Preventive medicine, in the nature of things, may well be accepted as the criterion of the state of scientific medicine. That it is again coming into its logical place is due to the great progress which has been made during recent years in all branches of scientific medicine, and in this development the studies in pathology and physiology have been of fundamental nature.
In this symposium I take it that the part assigned to me is to refer in a concise way to the prominent facts contributed through the avenue of pathology and physiology which have influenced preventive medicine. I recognize that this will be largely a review of well-known facts, and I fear there will occasionally be some encroachment on the subjects treated in the other papers of the program.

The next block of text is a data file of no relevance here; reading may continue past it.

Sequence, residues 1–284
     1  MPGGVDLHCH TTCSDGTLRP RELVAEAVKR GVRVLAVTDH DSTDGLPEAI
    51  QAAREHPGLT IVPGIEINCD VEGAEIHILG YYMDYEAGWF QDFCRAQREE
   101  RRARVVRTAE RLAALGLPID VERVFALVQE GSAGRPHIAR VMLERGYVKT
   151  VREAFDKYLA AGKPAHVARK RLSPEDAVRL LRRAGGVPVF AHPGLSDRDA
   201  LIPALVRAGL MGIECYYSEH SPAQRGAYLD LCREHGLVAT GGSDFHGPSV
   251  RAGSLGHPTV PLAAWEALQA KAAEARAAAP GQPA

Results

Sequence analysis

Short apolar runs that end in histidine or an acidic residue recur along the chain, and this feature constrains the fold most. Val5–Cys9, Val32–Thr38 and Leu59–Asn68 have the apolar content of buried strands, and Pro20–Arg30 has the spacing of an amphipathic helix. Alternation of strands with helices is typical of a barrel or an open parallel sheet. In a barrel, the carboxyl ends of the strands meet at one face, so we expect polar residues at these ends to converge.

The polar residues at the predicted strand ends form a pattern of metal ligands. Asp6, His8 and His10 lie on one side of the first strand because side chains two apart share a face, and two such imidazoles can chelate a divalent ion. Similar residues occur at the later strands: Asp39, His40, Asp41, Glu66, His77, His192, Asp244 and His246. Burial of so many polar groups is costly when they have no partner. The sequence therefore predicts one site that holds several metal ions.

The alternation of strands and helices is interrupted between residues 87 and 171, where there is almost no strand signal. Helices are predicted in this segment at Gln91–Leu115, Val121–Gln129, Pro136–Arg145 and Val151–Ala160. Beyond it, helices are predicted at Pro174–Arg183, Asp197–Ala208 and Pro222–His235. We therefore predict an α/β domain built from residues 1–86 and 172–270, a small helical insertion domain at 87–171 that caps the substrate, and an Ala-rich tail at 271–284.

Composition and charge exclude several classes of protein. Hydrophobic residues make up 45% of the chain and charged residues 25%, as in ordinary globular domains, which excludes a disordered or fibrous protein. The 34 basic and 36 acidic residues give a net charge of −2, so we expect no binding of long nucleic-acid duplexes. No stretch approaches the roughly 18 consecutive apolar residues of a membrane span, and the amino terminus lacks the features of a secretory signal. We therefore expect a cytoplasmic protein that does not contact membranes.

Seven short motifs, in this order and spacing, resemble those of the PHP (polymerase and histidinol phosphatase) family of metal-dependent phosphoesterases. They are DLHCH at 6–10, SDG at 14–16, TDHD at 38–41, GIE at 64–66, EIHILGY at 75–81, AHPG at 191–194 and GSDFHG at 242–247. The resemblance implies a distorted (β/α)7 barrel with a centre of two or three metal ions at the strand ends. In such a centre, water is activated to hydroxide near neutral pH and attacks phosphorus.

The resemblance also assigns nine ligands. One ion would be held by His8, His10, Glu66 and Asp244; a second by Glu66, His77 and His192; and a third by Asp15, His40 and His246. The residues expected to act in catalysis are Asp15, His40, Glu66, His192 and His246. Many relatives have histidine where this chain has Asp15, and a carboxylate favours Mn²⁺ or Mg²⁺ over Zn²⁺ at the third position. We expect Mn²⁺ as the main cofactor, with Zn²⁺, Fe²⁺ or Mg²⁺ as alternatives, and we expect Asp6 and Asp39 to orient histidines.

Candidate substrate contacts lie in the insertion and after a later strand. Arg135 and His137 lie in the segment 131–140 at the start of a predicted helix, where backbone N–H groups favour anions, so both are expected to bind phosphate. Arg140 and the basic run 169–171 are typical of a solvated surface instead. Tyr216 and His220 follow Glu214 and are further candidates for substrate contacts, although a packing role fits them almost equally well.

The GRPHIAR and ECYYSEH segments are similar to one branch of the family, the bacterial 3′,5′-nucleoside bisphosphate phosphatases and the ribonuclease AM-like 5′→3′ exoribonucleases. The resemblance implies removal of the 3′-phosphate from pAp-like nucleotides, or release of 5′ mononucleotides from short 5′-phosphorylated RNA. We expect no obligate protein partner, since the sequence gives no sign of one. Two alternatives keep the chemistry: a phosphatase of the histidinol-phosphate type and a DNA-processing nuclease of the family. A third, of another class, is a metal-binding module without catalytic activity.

In the memory of many now living, our conception of the nature of the disease has been revolutionized, and
BIERRING WL. THE RÔLE OF PATHOLOGY AND PHYSIOLOGY IN PREVENTIVE MEDICINE. JAMA. 1910;55(7):554–557. doi:10.1001/jama.1910.04330070008002
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